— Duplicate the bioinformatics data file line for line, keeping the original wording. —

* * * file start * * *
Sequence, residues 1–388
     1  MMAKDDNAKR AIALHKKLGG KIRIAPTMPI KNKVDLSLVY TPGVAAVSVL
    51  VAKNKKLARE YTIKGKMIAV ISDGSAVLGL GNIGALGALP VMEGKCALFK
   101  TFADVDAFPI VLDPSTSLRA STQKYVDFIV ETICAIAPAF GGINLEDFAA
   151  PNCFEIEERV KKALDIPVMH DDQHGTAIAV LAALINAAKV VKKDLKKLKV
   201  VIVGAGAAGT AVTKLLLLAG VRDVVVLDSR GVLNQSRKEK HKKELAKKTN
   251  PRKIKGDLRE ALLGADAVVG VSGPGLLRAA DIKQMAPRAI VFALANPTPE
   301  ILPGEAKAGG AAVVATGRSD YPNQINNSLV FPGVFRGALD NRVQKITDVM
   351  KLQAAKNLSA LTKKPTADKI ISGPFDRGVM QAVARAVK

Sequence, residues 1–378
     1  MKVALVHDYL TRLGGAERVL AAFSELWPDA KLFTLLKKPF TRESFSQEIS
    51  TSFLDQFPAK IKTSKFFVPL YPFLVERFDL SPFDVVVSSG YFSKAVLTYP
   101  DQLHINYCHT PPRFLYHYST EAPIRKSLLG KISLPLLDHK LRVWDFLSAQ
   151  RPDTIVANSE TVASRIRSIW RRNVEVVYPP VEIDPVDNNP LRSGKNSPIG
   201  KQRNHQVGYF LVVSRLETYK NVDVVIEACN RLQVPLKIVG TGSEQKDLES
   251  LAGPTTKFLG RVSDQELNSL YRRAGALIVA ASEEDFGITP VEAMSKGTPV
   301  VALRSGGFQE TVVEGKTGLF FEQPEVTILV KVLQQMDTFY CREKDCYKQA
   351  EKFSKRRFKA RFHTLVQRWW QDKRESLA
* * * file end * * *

Sequence, residues 1–388
     1  MMAKDDNAKR AIALHKKLGG KIRIAPTMPI KNKVDLSLVY TPGVAAVSVL
    51  VAKNKKLARE YTIKGKMIAV ISDGSAVLGL GNIGALGALP VMEGKCALFK
   101  TFADVDAFPI VLDPSTSLRA STQKYVDFIV ETICAIAPAF GGINLEDFAA
   151  PNCFEIEERV KKALDIPVMH DDQHGTAIAV LAALINAAKV VKKDLKKLKV
   201  VIVGAGAAGT AVTKLLLLAG VRDVVVLDSR GVLNQSRKEK HKKELAKKTN
   251  PRKIKGDLRE ALLGADAVVG VSGPGLLRAA DIKQMAPRAI VFALANPTPE
   301  ILPGEAKAGG AAVVATGRSD YPNQINNSLV FPGVFRGALD NRVQKITDVM
   351  KLQAAKNLSA LTKKPTADKI ISGPFDRGVM QAVARAVK

Sequence, residues 1–378
     1  MKVALVHDYL TRLGGAERVL AAFSELWPDA KLFTLLKKPF TRESFSQEIS
    51  TSFLDQFPAK IKTSKFFVPL YPFLVERFDL SPFDVVVSSG YFSKAVLTYP
   101  DQLHINYCHT PPRFLYHYST EAPIRKSLLG KISLPLLDHK LRVWDFLSAQ
   151  RPDTIVANSE TVASRIRSIW RRNVEVVYPP VEIDPVDNNP LRSGKNSPIG
   201  KQRNHQVGYF LVVSRLETYK NVDVVIEACN RLQVPLKIVG TGSEQKDLES
   251  LAGPTTKFLG RVSDQELNSL YRRAGALIVA ASEEDFGITP VEAMSKGTPV
   301  VALRSGGFQE TVVEGKTGLF FEQPEVTILV KVLQQMDTFY CREKDCYKQA
   351  EKFSKRRFKA RFHTLVQRWW QDKRESLA